In this paper, we present a new approach for parallel simulation of very large scale integration (VLSI) circuits on a transistor level. To achieve good parallel simulation performance on workstation clusters, low communication and coarse grain parallelization is crucial. Two main tasks have to be performed to obtain this target. First, the electronic circuit must be split into subcircuits. To do this, we present an efficient partitioning technique, which yields well-balanced partitions with few interconnects. Second, for minimizing communication between the partitions, sophisticated parallelization methods have to be applied. Therefore, we present our improved domain decomposition technique for parallel analog simulation. The excellent performance of our approach is demonstrated on several industrial VLSI designs. For the first time, good speedup results for parallel analog simulation of large industrial designs are presented View full abstract»

    Full text access may be available. Click article title to sign in or learn about subscription options.
  • Synchronizing hyperchaotic volume-preserving maps and circuits

    Page(s): 656 - 659
    Save to Project icon | Request Permissions | Click to expandQuick Abstract | PDF file iconPDF (120 KB)  

    We show that it is possible to synthesize chaotic systems that have improved characteristics for use in communications. These include whiter spectrum, low-time correlation, hyperchaotic behavior, and little or no phase space structure. These systems are based on locally volume-preserving (or expanding) maps. We show how to construct a circuit that produces such characteristics View full abstract»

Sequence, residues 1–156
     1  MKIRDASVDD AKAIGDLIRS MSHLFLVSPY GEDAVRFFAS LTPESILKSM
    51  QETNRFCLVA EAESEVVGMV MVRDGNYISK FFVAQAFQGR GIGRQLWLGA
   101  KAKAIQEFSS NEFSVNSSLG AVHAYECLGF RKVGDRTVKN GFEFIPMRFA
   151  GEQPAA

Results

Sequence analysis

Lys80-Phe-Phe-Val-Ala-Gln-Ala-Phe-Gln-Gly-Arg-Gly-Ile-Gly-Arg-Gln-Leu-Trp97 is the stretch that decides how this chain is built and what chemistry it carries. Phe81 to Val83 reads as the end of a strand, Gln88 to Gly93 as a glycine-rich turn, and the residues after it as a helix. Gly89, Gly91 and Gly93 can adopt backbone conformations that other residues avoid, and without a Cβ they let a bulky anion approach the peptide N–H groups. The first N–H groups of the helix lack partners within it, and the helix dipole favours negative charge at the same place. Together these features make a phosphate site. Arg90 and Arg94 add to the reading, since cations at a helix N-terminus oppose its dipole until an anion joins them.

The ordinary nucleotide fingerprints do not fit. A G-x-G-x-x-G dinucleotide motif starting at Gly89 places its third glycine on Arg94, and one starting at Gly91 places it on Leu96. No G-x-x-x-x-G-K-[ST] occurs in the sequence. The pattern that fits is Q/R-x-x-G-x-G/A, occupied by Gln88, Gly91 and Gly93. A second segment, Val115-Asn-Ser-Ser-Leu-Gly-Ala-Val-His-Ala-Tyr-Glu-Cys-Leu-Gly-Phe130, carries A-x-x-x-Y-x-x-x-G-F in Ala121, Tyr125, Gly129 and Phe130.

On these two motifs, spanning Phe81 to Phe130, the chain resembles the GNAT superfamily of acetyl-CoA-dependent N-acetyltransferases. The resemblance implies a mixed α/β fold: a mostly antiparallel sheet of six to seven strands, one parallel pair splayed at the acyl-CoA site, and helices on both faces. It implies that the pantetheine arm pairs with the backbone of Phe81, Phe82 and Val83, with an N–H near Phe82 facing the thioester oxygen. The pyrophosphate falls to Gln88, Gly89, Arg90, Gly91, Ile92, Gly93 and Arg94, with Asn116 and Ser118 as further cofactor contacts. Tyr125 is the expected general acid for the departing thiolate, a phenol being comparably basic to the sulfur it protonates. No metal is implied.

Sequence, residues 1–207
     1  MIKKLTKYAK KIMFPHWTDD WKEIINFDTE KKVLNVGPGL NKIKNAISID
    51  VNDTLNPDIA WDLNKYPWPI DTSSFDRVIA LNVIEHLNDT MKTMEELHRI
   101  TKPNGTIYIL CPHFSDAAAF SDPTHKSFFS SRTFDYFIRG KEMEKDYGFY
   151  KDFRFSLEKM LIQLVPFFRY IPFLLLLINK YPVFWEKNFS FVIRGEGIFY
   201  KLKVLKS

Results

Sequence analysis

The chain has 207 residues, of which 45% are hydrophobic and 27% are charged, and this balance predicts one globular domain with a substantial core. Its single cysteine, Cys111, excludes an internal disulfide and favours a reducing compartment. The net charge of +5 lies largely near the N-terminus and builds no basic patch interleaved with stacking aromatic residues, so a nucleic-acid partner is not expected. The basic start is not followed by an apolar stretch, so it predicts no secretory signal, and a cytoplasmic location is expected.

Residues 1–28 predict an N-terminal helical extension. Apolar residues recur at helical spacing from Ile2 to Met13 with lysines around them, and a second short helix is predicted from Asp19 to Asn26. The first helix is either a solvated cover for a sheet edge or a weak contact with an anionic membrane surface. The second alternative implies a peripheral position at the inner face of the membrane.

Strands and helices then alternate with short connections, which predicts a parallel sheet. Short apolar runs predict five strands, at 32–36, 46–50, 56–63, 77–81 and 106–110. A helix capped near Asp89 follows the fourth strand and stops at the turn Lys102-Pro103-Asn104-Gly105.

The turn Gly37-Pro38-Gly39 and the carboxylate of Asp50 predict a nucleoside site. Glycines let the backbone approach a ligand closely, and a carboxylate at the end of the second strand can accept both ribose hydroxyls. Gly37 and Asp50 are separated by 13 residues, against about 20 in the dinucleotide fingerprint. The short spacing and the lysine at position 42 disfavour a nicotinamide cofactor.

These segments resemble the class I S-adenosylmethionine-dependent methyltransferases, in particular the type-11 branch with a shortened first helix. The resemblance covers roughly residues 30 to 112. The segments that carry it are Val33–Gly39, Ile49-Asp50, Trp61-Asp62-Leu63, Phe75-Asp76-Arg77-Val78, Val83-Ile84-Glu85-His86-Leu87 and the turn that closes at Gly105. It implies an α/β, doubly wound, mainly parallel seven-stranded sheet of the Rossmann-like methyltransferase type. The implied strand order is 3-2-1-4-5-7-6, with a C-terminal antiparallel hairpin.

Full text access may be available. Click article title to sign in or learn about subscription options.
  • The equivalence of twos-complement addition and the conversion of redundant-binary to twos-complement numbers

    Page(s): 669 - 671
    Save to Project icon | Request Permissions | Click to expandQuick Abstract | PDF file iconPDF (84 KB)  

    The equivalence between redundant-binary (RB) to twos-complement number conversion and twos-complement addition is shown using a simple transform between the two number domains. As a consequence, all hardware architectures designed for either operation may be easily adapted to implement the other View full abstract»

    Full text access may be available. Click article title to sign in or learn about subscription options.
  • Signal flow graph in loop gain analysis of DC-DC PWM CCM switching converters

    Page(s): 644 - 655
    Save to Project icon | Request Permissions | Click to expandQuick Abstract | PDF file iconPDF (384 KB)